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U.K. Stamps

Although the advent of instant communication, such as fax and, more recently, email, is decimating the traditional mail system, stamps are just as collectable as ever. The stamps and mail system of the United Kingdom enjoy a rich history dating as far back as the 12th century. Various methods of marking and postal payment were used, and the Penny Black, issued in 1840, was the first adhesive postage stamp. Released as a means of regulating postage costs, the penny stamp provided for letters to be delivered at a flat rate, no matter the distance. Prior to this, postage was charged by the sheet and distance travelled. Other countries, such as Sweden and the Austrian Empire, had begun use of adhesive postage stamps at around the same time. The extensive history of U.K. stamps involves many commemorative or themed stamps, from U.K. historical event stamps to seasonal and Christmas stamps.

The Penny Black Stamps

Released in mid-1840, the Penny Black revolutionised an inconsistent and expensive mail system. Not varying greatly from the adhesive stamps seen today, it featured a profile of a young Queen Victoria. This particular portrait was chosen for its difficulty to forge, and was used on British postage stamps until 1901, making it a very famous portrait indeed. The Penny Black, unfortunately, did not enjoy a long life, the red cancellation ink used was easy to remove, thus making the stamps possible to be fraudulently reused. It was replaced by a Penny Red, which featured a more effective black cancellation ink. Despite its short life, the Penny Black became a cultural icon and has been seen on the Google Search page, as well as the name of at least one British pub.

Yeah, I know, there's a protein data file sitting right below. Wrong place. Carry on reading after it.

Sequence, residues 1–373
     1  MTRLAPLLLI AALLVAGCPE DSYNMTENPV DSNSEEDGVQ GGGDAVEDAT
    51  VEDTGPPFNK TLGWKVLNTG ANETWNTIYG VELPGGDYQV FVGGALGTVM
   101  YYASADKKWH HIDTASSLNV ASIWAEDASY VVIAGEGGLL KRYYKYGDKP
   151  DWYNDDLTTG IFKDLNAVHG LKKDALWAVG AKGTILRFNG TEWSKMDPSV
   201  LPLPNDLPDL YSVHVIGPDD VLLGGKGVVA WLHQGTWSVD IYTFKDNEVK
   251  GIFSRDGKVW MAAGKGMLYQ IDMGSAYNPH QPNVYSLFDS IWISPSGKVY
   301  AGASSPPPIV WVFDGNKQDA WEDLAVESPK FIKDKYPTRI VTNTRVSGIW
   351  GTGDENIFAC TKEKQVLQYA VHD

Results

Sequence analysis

U.K. Ship and Boat Stamps

The U.K. has a long history of seafaring, from explorers to the British Navy. U.K. ship and boat stamps showcased national pride combined with current events of the day. In addition to historical boat stamps, commemorative and anniversary stamps are released, such as the anniversary of the Titanic sinking and stamps featuring portraits of the survivors.

U.K. Stamp Condition

Until the 1950s, stamps were used almost solely for function, and commemorative stamps were rarely issued. After the 1950s, the trend to feature relevant members of the Royal Family, both past and present, and contemporary events gained momentum. With this came the collector's editions; no longer did collectors have to painstakingly soak and peel off used stamps, but it was possible to buy sheets of stamps in mint condition for the sole purpose of collection. Stamp collecting is very popular amongst young children, and for those with a keen interest in history, can be a financially productive hobby.

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